Our featured article of the month, 2021 Off to a Fast Start, provides a quick summary on the most recent events that occurred during the first few weeks of this new year and the markets’ reaction. With a new administration firmly in place, the excitement surrounding the festivities and related activities are expected to subside as the government gets back to work. With a more subdued atmosphere, the markets can once again refocus on the financial implications of the virus on the economy and society.
The expectations for this year are positive due to the roll out of the vaccine and the gradual reopening of the economy. While it is still feared by some that things will never look the same again, there seems to be scaring but not necessarily a complete face lift. The hardest hit sectors, especially food service, will likely exhibit the harshest damage, alongside retail and small business. Time will tell as the markets evaluate the landscape that will include new policy interventions intended to ease some of the damage.
Market volatility continues into the new year.
The first week of 2021 has already had many ups and downs. Just because it’s a new year doesn’t mean that the 2020 issues go away, and so far, 2021 has been no exception to this rule.
The markets opened on January 4 and traded lower out of the gate, with the S&P 500 dropping 1.5%. The last time the market opened lower was in 2016, when the S&P 500, the Dow Jones, and the Nasdaq Composite all dropped on the first trading day of the new year.1,2
The stock market’s first hurdle of the New Year was to assess the runoff elections happening for the two Senate seats in Georgia. A special election has only happened three other times in our nation’s history, so the market appeared anxious about the process.3,4
The bond market also got into the act early in the new year. The yield on the 10-year Treasury bond closed over 1% for the first time since March 2020 as investors anticipated a pick up in inflation.5
The market’s second hurdle was the electoral college count that would confirm Joe Biden as the 46th president of the United State. A protest during the vote count unnerved investors, and most of the New Year’s rally was undone. But a day later, the market climbed higher as traders looked past the unrest.6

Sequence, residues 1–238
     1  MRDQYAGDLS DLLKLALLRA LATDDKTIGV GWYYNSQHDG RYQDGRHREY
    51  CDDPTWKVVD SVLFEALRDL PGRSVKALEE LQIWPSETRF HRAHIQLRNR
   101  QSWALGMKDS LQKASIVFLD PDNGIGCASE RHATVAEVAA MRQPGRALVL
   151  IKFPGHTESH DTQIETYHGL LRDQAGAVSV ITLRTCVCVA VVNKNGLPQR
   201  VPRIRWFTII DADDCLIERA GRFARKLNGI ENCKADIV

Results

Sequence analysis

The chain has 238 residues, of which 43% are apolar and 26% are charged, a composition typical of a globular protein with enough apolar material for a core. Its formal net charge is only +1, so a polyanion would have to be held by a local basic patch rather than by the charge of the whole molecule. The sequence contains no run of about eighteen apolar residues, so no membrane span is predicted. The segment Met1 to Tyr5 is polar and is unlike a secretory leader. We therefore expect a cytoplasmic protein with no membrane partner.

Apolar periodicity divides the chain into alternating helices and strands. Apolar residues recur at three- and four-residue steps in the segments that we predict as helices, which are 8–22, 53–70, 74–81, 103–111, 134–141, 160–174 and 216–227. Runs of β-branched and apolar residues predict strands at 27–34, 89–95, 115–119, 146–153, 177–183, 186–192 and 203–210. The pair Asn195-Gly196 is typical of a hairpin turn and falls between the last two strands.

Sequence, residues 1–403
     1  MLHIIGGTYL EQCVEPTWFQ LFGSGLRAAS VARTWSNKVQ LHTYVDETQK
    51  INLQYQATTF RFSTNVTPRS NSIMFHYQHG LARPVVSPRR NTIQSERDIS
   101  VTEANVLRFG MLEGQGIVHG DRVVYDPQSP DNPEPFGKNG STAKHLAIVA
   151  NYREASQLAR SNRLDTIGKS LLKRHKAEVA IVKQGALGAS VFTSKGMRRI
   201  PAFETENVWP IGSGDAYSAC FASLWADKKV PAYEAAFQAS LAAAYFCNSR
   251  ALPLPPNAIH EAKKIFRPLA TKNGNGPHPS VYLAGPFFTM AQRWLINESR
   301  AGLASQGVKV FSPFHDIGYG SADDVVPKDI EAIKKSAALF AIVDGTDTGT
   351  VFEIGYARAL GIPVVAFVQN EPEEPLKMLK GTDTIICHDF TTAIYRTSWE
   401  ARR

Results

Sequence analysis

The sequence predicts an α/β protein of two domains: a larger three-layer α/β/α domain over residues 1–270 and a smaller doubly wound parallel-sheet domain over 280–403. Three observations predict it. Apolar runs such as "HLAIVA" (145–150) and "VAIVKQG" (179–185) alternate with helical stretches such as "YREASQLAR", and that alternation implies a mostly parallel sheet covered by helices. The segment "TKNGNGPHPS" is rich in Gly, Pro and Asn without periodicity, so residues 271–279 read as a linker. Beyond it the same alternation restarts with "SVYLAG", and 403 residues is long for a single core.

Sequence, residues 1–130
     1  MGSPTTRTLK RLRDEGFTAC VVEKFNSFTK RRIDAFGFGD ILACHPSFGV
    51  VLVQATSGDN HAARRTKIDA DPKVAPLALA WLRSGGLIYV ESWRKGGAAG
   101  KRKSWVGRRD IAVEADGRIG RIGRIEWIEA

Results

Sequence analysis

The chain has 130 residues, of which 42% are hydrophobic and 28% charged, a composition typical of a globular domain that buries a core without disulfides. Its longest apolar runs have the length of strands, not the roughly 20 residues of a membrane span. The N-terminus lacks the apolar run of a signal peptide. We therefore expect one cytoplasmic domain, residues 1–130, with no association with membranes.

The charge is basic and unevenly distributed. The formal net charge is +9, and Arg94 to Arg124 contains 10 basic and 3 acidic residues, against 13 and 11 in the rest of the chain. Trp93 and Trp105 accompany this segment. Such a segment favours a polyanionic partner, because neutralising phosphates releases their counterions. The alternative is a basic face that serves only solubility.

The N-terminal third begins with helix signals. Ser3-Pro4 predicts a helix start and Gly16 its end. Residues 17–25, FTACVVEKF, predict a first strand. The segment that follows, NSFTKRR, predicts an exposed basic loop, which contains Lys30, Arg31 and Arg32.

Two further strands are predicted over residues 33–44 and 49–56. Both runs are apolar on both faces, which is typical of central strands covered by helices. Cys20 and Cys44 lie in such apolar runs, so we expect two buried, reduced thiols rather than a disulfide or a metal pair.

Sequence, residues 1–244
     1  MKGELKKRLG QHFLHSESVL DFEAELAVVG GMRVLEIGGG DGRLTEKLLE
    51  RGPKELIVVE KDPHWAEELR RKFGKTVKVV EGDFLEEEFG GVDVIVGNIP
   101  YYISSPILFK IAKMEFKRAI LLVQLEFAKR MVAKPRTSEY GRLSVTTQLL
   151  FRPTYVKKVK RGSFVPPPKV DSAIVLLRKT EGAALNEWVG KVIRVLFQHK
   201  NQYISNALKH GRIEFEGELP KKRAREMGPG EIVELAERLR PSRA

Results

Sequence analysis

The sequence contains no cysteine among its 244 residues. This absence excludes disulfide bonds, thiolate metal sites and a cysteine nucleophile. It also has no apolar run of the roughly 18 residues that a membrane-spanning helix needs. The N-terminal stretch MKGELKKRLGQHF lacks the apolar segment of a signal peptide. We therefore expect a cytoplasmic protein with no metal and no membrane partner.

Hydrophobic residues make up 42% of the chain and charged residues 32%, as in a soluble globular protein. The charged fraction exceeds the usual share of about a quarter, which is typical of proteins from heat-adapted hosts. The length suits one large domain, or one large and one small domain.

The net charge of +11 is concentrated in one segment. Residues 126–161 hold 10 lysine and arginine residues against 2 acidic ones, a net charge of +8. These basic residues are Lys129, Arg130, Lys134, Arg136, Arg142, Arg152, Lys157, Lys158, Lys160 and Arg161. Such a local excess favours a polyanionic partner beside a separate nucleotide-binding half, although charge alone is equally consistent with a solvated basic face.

What does this fast-paced market activity mean for you, as an investor?
There will always be a lot of noise. But remember, making a change to your portfolio should be driven by sound analysis, not an emotional response to current events. The events of the past few days are part of the volatility that comes along with investing, and something we’ve anticipated as we developed your overall financial strategy.
If you are concerned about one or more of the policies being discussed in our nation’s capital, please give us a call. We’d welcome the chance to hear your perspective, and hopefully, we can provide some insight and guidance.
Investing involves risks, and investment decisions should be based on your own goals, time horizon, and tolerance for risk. The return and principal value of investments will fluctuate as market conditions change. When sold, investments may be worth more or less than their original cost. Indexes discussed are unmanaged and you cannot directly invest into an index. Past performance is not a guarantee of future results. This material was prepared by MarketingPro, Inc., and does not necessarily represent the views of the presenting party, nor their affiliates. This information has been derived from sources believed to be accurate. Please note – investing involves risk, and past performance is no guarantee of future results. The publisher is not engaged in rendering legal, accounting or other professional services. If assistance is needed, the reader is advised to engage the services of a competent professional. This information should not be construed as investment, tax or legal advice and may not be relied on for the purpose of avoiding any Federal tax penalty. This is neither a solicitation nor recommendation to purchase or sell any investment or insurance product or service, and should not be relied upon as such. All indices are unmanaged and are not illustrative of any particular investment.
1. Barrons.com, January 6, 2021
2. USAToday.com, December 31, 2020
3. WashingtonPost.com, January 5, 2021
4. CNN.com, January 6, 2021
5. The Wall Street Journal, January 6, 2021
6. Yahoo.com, January 6, 2021